Chicago school closings: Shuttering these institutions is shortsighted, says one local mom
Chicago school closings are the largest number of school closings in the history of the country, and media reports haven't captured the anguish and dismay of more than 30,000 children and parents as they've lost their educational institutions.
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This scene was played out all over the city. But then something happened – something that happens when communities feel threatened. Instead of feeling isolated and under attack, parents from closing schools organized, talked to each other. They began with a series of marches, challenging Mayor Rahm Emanuel to “walk the walk” their children will have to walk to their new schools. The mayor didn’t show, but parents from around the city went from school to school in solidarity, sometimes 300 showing up in a neighborhood they may never have visited before.Skip to next paragraph
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They were retired teachers and students; union members supporting the thousands of lunchroom workers and engineers who would lose their jobs; grandmothers marched beside pierced and tattooed Occupy students; and parents of children in elite “selective enrollment” schools not on any hit lists who came carrying signs saying “Every Chicago Public School is My School.”
I marveled every time I participated in one of these events. These people rallied because they know the binding institution in any community is the neighborhood school. This is known by businesspeople, promoted by real estate agents, accepted by children, and desired by most people.
The Board of Education says that demographics have changed, money is not there, and school closings are inevitable. They cluck sympathetically that “change is hard” in a tone so condescending I wouldn’t dare try it on my teenager. But I suggest to them that they are the ones who must change.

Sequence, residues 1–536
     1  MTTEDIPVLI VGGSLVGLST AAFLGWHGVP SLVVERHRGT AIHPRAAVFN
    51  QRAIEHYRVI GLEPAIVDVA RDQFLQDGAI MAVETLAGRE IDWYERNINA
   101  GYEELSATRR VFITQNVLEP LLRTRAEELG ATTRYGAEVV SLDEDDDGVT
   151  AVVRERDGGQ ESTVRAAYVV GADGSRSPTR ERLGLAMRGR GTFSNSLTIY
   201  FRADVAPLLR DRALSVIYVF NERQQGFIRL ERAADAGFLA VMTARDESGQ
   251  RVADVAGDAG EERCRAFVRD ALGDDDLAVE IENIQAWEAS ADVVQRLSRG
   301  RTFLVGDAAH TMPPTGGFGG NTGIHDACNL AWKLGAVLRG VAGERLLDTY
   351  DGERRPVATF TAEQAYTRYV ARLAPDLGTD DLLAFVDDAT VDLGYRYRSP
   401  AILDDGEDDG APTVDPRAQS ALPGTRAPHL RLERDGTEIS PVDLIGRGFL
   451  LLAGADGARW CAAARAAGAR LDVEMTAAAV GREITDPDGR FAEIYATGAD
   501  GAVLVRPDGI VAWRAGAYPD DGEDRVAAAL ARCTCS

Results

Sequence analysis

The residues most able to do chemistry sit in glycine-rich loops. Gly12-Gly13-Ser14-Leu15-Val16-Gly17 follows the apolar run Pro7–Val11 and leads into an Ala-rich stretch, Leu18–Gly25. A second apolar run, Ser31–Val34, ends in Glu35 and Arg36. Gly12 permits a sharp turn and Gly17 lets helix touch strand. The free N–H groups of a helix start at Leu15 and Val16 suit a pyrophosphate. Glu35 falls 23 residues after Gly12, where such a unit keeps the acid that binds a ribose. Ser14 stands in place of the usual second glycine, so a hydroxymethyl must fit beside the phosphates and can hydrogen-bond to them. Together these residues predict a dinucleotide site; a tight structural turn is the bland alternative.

For example, they did not visit Matthew Henson Elementary School, a so-called “underutilized” school with a population that is 100 percent low income, where 12 percent of the children are homeless. Chicago Public Schools (CPS) officials say it is only 32 percent utilized. However, in the “unused” classrooms, they have a parent resource center, a computer lab, a science room, a music room, a library, a full-service health clinic, and a visiting food pantry. Another classroom is used for small group interventions, and yet another serves as after-school space for teens.
When Henson closes, not only will the receiving school become overcrowded but these vitally needed services will not be available to the community.
Is this not shortsighted? Once upon a time in the baby boom years, this school may have adequately served a much larger population. I would argue, whatever the population’s size, this school is adequately serving the needs of the community.
Unlike the Lawndale neighborhood where Henson is located, people in my neighborhood have a lot of choices when it comes to schools. In addition to quality public schools, we have a Montessori school, the elite University of Chicago Laboratory School (once attended by the Obama girls, schools chief Arne Duncan, and now Mayor Emanuel’s kids), and a Catholic school. One of the reasons we were unsuccessful at keeping Canter open was that many of the students were from outside the boundaries. They come to this school from other neighborhoods because it is a safe school in a safe neighborhood.
As a community we welcomed them, but now we’re told that we cannot.
The thousands of people fighting against this know it’s not about boundaries and numbers, it’s about what unites a neighborhood and how they relate to the one institution. Many of these schools are uniquely suited to the neighborhood and population.
What’s happening is more than a news blip. The one-room schoolhouse changed with the changing needs of the population. It’s time to seriously rethink how neighborhood schools and public education align with the democratic principles of freedom and inalienable human rights.
I know... change is hard, but it’s time.
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